CBS Journalist Bob Simon Remembered For 'Unbelievable' Career
RACHEL MARTIN, HOST:
Bob Simon reported from the world's most dangerous and complicated places - from Vietnam to Iraq, where he was held captive in 1991 for more than a month. Last night, the longtime CBS News correspondent died after he was in a car accident in New York City. He was 73 years old. Harry Radliffe was Bob Simon's producer at "60 Minutes" and knew him for more than 30 years. He joins us now.
Thanks so much for being with us, and our condolences.
HARRY RADLIFFE: Thank you very much.
MARTIN: Can you describe what kind of colleague Bob Simon was?
RADLIFFE: A fun colleague, a curious colleague, an aggressive colleague, an enthusiastic colleague. Bob loved doing stories. So, you know, we would spend the days when we weren't working on a specific story discussing the possibilities. And one of the joys of "60 Minutes" is that you've got the entire world to choose from. You can pretty much go wherever you can convince management that there's a good story. And Bob was curious enough that we went everywhere. It's fun to work with a correspondent like that because you know that you have somebody who gives everything to the story.
MARTIN: As I mentioned, Bob Simon and his team were held captive in Iraq during the Persian Gulf War in the '90s. They were held for 40 days and I read that after he was released he did take a couple months, and then he was right back at it. He went back to Iraq reporting on that war. What drove him? I mean, you said he loved a story, but it's a different level to want to return to a war zone where you were held hostage.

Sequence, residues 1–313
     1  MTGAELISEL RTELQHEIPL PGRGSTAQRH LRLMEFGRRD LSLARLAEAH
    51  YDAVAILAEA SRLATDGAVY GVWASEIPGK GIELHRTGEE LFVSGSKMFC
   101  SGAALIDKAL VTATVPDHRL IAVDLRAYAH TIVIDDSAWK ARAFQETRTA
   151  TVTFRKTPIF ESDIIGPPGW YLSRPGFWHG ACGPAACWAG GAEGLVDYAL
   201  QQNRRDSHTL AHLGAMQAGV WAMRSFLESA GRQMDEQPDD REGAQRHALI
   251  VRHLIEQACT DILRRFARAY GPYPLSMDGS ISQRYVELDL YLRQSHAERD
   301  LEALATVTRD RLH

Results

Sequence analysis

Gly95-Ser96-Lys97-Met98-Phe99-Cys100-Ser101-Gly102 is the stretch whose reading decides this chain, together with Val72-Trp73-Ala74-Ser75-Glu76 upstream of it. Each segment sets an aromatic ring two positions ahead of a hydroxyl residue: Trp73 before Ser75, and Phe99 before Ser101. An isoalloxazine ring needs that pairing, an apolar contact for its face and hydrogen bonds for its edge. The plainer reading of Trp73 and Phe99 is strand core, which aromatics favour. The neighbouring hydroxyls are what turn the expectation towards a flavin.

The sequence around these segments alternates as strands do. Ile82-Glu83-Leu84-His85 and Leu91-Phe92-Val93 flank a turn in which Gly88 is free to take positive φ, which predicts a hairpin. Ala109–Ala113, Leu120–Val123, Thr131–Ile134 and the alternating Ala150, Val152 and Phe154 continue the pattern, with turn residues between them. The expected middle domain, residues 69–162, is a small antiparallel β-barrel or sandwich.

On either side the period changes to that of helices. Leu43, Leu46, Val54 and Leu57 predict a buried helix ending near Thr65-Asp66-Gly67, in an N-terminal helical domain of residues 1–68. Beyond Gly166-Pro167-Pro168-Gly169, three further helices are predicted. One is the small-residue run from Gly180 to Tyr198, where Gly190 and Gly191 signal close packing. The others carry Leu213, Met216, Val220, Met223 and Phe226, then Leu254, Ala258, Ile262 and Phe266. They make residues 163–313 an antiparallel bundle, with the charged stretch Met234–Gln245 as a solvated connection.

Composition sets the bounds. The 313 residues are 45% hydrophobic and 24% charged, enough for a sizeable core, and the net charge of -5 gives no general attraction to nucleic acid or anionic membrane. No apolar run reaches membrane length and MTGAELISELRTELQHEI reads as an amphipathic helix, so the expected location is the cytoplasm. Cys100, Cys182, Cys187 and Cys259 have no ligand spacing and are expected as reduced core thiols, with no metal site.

RADLIFFE: Well, Bob - yeah, maybe a sane person wouldn't rush back to war zone, but Bob wanted to go where the story was. You've heard the phrase back in the saddle. The thing that would drive Bob craziest was to be sitting around doing nothing. So, sitting around for a couple of months watching good stories being done that he could be doing would've driven him crazy. I'm surprised it took him two months to get back to work, knowing Bob.
MARTIN: I understand his daughter followed in his footsteps.
RADLIFFE: His daughter Tanya Simon is a colleague of mine. I've known Tanya for years. And yeah, she became a journalist. And she's now a producer and she and Bob just finished the piece they were working on, a piece on an Ebola - the difficulty coming up with an Ebola vaccine. They just finished it yesterday. And Bob was leaving the office after making some adjustments in the script last night, when this tragic accident occurred. I mean it's unbelievable - when I think about Bob's career, the variety of stories that Bob covered and was interested in was extraordinary. The idea that somebody who cheated death in the Middle East - and when I say cheated death I don't mean that somebody held a gun to his head but I mean, you're in danger in the wars, and he covered wars in that part of the world and was on the front lines - to die the way he died seems cruel.
MARTIN: CBS producer Harry Radliffe remembering his friend and "60 Minutes" colleague Bob Simon who died last night in a car accident in New York City at the age of 73.
Thanks much for talking with us and remembering your colleague and friend.
RADLIFFE: You're welcome. Thank you.
NPR transcripts are created on a rush deadline by an NPR contractor. This text may not be in its final form and may be updated or revised in the future. Accuracy and availability may vary. The authoritative record of NPR’s programming is the audio record.